Lawsuit over Police raid gets green light
A lawsuit brought by a Siumu family against the Police will proceed after the Court of Appeal granted the plaintiffs a required extension.
Silafaga Tupito and Fatumanavaupolu Atiinae, represented by lawyer Muriel Lui, filed the appeal after the Supreme Court refused them leave to bring the proceedings, which were filed outside a statutory time limit.
Mrs. Tupito's home was raided by armed Police Officers in September 2015 when her husband was taken into custody after being accused of possessing marijuana.
Days later, the mother was home with her two young children during a second raid by the authorities which she described as an abuse of process and carried out by Police who were unnecessarily armed.
However, the mother did not seek legal counsel until more than a year later – exceeding the 12 month statutory time limit.
The law allows for postponements of that limit in cases of a "mistake"; the appeal case centred on the legal definition of that term.
Ms. Lui had argued that the family were labouring under a mistake of fact, namely that the Ombudsman represented the Government for the purposes of making complaints within the time-frame prescribed.
But the Judge presiding over the initial case disagreed stating it was no mistake of fact. She felt the appellant had made a conscious decision to lodge a complaint with the Ombudsman instead of seeking legal advice. The Judge stated that ignorance of the law was no excuse and was not a valid excuse or mistake that the appellants were waiting on the report of the Ombudsman given that such a report could not be questioned in Court.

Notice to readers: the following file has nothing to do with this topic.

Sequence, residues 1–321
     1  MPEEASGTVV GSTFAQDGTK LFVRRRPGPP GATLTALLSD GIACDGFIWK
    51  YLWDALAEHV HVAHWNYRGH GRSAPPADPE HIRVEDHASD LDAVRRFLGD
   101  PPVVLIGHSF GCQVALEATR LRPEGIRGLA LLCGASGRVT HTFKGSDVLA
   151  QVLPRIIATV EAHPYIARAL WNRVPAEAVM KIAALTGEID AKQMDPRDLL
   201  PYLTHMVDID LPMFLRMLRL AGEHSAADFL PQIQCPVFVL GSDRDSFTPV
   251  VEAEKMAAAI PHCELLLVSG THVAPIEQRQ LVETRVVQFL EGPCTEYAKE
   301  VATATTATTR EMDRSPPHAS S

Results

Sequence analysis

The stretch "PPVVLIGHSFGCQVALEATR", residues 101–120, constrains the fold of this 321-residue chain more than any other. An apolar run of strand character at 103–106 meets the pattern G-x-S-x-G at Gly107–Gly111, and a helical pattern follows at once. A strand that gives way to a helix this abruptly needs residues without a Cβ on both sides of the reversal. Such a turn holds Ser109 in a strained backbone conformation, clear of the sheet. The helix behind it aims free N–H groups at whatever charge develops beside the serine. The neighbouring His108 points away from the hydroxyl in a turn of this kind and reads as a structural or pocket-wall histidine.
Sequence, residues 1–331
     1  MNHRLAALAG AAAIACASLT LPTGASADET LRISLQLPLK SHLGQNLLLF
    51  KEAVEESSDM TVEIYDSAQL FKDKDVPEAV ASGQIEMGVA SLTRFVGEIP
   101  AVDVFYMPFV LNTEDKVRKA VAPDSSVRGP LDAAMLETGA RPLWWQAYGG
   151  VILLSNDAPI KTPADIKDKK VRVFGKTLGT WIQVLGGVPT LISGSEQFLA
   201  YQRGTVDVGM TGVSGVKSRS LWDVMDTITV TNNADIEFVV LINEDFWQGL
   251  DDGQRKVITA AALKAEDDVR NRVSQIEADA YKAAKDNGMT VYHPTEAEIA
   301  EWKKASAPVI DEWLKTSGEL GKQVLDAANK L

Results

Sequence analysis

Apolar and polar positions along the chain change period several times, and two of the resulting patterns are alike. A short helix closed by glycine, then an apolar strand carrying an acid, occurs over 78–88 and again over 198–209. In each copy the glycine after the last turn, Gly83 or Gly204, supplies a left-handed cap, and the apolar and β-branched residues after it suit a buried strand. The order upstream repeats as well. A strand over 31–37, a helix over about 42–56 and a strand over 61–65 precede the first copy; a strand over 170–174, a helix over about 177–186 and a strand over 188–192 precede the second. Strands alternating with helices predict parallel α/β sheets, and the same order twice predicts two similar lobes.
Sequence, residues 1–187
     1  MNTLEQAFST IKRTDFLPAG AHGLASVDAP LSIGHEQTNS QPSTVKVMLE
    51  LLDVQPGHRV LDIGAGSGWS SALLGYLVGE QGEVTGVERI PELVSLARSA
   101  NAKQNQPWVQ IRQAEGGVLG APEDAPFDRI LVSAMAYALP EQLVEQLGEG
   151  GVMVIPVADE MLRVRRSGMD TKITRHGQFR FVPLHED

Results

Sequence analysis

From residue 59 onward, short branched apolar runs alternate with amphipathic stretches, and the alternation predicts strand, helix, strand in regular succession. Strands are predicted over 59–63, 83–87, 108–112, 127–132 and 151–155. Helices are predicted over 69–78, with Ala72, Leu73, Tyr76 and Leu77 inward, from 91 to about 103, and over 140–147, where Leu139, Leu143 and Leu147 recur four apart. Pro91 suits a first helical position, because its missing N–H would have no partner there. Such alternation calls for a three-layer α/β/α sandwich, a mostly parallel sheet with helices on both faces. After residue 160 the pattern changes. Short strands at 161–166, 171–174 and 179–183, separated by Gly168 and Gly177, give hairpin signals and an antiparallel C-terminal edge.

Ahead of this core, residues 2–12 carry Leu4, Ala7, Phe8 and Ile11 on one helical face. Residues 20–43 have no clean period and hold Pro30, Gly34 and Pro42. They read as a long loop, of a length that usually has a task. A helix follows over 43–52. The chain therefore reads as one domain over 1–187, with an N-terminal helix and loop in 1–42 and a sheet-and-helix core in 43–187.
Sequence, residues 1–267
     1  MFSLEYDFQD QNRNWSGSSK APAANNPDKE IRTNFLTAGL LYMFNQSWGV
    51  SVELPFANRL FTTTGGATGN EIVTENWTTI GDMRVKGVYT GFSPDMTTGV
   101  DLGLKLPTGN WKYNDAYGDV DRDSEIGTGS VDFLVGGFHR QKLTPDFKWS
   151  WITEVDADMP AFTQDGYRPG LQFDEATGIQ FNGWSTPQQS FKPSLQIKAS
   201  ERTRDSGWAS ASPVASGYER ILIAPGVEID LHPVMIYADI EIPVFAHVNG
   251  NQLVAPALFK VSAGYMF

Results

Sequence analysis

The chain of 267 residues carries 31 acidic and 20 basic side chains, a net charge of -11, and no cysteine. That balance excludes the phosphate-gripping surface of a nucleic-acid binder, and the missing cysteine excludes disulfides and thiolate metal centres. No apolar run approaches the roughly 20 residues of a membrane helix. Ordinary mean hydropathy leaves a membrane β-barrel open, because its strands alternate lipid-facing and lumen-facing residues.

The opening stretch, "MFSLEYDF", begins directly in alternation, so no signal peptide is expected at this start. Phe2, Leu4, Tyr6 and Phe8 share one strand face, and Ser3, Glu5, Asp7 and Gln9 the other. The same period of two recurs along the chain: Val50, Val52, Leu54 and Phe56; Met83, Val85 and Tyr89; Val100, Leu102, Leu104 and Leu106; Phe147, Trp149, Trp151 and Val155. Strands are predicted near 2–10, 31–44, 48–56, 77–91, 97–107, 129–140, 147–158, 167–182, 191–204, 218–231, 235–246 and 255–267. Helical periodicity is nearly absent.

Furthermore, the Judge considered there was prejudice to the Police case in that most of the officers who had attended the search and could be called upon to give evidence had resigned, been terminated or were on overseas missions.
But in dealing with the grounds of the family's appeal, the Court of Appeal said the appellants had apparently made the assumption that lodging a complaint with the Ombudsman could be equated with the commencement of proceedings against the Government.
Ms. Lui contended that for the purposes of lodging an appeal a “mistake” could be said to include mistakes of law; the Prosecutor and Attorney General’s Office lawyer, David Fong, argued that only mistakes of fact could qualify.
“In our view mistake does include a mistake of law for the purpose of s 21 of the Limitation Act in this country,” the Court of Appeal ruled.
“First, the statute itself uses the word mistake without qualification. In its ordinary usage mistake embraces all kinds of mistake, whether of law or of fact.
“The first appellant deposes that she was not aware of the requirements of s 21 but in any event thought that the Ombudsman’s Office was part of the government.
“These are entirely understandable errors for a non-lawyer.”
On the ground that the defendant is not materially prejudiced in his defence, the Court of Appeal ruled against this.
According to the prosecution from the ten officers who attended the raid, two were still police officers while the rest have either resigned, dismissed, on a mission or study leave. Mr. Fong submitted that the defence would be prejudiced by the unavailability of witnesses and the dimming of memories.
But the Court of Appeal emphasised that Police had had the benefit of being alerted to the complaint at an early point.
The Court also found there are procedures in place for dealing with witnesses who have left the Police or gone overseas.
“It is far from clear that the Police would need to call all the officers who had been present on the day," the Court ruled.
“We do not think that the prejudice qualifies as material for present purposes.”
The Court of Appeal granted the appellants the extension required to proceed with lawsuit with a statement of claim already filed in the Supreme Court.
It could not be confirmed how much the lawsuit is seeking.
The respondent was ordered to pay the appellants jointly a total of $5,000 towards their costs.